Arlit, a uranium-mining town, can easily be defined as being in the middle of nowhere. In this case, nowhere is the Sahara desert of Niger. And this is hardly an exaggeration – a 360-degree spin of the camera reveals a vast sandy emptiness that stretches for a seeming infinity.
Forty years ago, Arlit barely existed. In the 1970s, it became a boomtown when the uranium mines began to attract a new age of wealth to poverty-stricken Niger. Industrialists from America, Europe and Japan were a ubiquitous presence, and Africans from across the continent flocked to Arlit in search of high-paying mining jobs. In its heyday, Arlit was home to 25,000 miners and a thriving social environment that earned it the nickname “le deuxieme Paris” (the second Paris).
But the boom eventually went bust. The foreigners and their money disappeared, and the mines began employing far fewer workers. Those who remained began to fall ill from radiation poisoning brought about from direct contact with the uranium. Today, Arlit is a ghost of its former self. The mines exist, but employment opportunities are limited. The many restaurants and clubs that once captivated the nightlife are only a memory today. The main industry is smuggling Africans to Algeria, where they hope to leave for jobs in Europe. What had been the second Paris is now, according to one resident, “the second dump.”
The rise and fall of this Sahara outpost has been captured in the extraordinary documentary “Arlit: Deuxieme Paris” from the Benin-born filmmaker Idrissou Mora Kpai. While the story of Arlit is a tragedy on many levels, Mora Kpai’s film never raises its voice or aims for the stridency that ruins so many social issue documentaries. Instead, the film quietly allows the people of Arlit to tell their personal stories and, in turn, relate how Arlit’s false promises wrecked their lives. The eloquence of these stories is haunting, yet the lack of rancor displayed in the testimony of the people of Arlit is equally stunning.
Viewed today, it is impossible to imagine how Arlit could ever be compared to Paris. The film does not provide any historic footage of Arlit in its prime. Instead, it focuses on the present and shows a small world of dusty streets, crumbling houses, and people trapped in a sense of lethargy. The only commercial establishment that seems to be thriving is the auto repair garage – in a way, it has a great location since it is hundreds of miles from the next village. What appears to be Arlit’s sole bar is open, but the two barmaids (immigrant ladies from Togo) sit idly at their posts – the establishment is out of liquor and they are waiting for their employer to return with a new inventory.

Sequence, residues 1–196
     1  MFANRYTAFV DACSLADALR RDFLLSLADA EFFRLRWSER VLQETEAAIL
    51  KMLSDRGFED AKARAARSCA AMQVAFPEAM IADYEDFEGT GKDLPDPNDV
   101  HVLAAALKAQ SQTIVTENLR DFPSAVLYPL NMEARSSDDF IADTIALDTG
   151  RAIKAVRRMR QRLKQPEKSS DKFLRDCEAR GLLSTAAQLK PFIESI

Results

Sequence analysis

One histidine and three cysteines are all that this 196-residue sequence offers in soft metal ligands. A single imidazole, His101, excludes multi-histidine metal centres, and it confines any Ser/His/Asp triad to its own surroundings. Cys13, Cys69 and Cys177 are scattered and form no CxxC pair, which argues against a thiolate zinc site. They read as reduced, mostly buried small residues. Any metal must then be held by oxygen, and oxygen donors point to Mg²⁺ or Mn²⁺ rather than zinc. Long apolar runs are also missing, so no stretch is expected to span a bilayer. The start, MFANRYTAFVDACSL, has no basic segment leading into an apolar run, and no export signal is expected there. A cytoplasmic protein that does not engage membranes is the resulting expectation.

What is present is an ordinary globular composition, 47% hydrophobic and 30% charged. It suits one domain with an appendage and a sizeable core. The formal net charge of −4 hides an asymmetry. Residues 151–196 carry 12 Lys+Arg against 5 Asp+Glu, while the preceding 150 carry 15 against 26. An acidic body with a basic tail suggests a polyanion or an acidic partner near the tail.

Waiting is the main activity in Arlit, according to this film. A Cameroon native in transit to Algeria had his money taken by the local police. He is stuck waiting in Arlit, trying to find a way to get new funds to continue his journey. Men who came to Arlit three decades ago during its ascension sit in quiet comradeship, waiting for death. Their work with the uranium mines destroyed their health and their former employers would sooner allow them to die than provide them with proper health care. A former soldier who ekes out a living as a guide across the desert waits for the latest caravan of would-be European-bound emigrants to arrive. The aforementioned barmaids wait for the elusive day that they can earn enough money to return to their families in Togo.
“Arlit: Deuxieme Paris” also details the environmental catastrophe brought about by the mining operations. Contaminated scrap metal litters the town and the mining companies had previously encouraged the Arlit residents to recycle the toxic metals into everything from plumbing to cooking utensils. The open mines still operate, and it is not uncommon for a strong Sahara wind to blow across the mining pit through Arlit’s streets. Responsibility for the mess is not claimed – the only person of authority to appear on camera is a doctor on a mining company’s payroll, who insists that 99% of the cancer that kills the Arlit residents came from their incessant smoking (the ailing townspeople note that the mining company doctors usually blame their maladies on AIDS). If Arlit has a municipal government, its officials do not appear to be in town.
What makes “Arlit: Deuxieme Paris” so fascinating is the utter lack of fury. The people of Arlit seem almost resigned to their cruel fate, yet some hold out the rare hope of a resurrection of both their own fortunes and the town’s viability. The film’s wonderfully enigmatic closing shot finds a man looking out into the desert. Is he scanning the horizon for the new dawning that so many hope for, or is he confirming the emptiness and hopelessness that surrounds and continues to strangle Arlit? It is a troubling image and a perfect coda for a magnificent documentary.
“Arlit: Deuxieme Paris” is currently in non-theatrical release only. It is a shame this is not being seen in theaters, because it is a triumph of both African cinema and non-fiction filmmaking. It is also among the year’s finest films.